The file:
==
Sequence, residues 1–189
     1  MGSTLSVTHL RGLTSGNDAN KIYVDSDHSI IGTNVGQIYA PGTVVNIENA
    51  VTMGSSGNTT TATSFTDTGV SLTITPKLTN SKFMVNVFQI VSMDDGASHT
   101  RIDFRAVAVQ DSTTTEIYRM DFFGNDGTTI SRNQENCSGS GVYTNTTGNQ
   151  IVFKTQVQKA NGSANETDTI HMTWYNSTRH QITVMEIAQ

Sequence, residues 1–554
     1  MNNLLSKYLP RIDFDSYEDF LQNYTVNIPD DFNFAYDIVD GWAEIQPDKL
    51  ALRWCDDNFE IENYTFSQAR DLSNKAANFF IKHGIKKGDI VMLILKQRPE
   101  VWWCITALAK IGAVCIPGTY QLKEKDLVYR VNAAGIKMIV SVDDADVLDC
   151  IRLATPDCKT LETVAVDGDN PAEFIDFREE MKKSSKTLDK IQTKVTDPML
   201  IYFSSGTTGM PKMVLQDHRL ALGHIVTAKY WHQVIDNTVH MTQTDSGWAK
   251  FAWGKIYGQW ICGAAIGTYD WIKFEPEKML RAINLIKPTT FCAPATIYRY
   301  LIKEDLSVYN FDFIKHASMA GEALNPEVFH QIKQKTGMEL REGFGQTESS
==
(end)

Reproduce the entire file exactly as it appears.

Sequence, residues 1–189
     1  MGSTLSVTHL RGLTSGNDAN KIYVDSDHSI IGTNVGQIYA PGTVVNIENA
    51  VTMGSSGNTT TATSFTDTGV SLTITPKLTN SKFMVNVFQI VSMDDGASHT
   101  RIDFRAVAVQ DSTTTEIYRM DFFGNDGTTI SRNQENCSGS GVYTNTTGNQ
   151  IVFKTQVQKA NGSANETDTI HMTWYNSTRH QITVMEIAQ

Sequence, residues 1–554
     1  MNNLLSKYLP RIDFDSYEDF LQNYTVNIPD DFNFAYDIVD GWAEIQPDKL
    51  ALRWCDDNFE IENYTFSQAR DLSNKAANFF IKHGIKKGDI VMLILKQRPE
   101  VWWCITALAK IGAVCIPGTY QLKEKDLVYR VNAAGIKMIV SVDDADVLDC
   151  IRLATPDCKT LETVAVDGDN PAEFIDFREE MKKSSKTLDK IQTKVTDPML
   201  IYFSSGTTGM PKMVLQDHRL ALGHIVTAKY WHQVIDNTVH MTQTDSGWAK
   251  FAWGKIYGQW ICGAAIGTYD WIKFEPEKML RAINLIKPTT FCAPATIYRY
   301  LIKEDLSVYN FDFIKHASMA GEALNPEVFH QIKQKTGMEL REGFGQTESS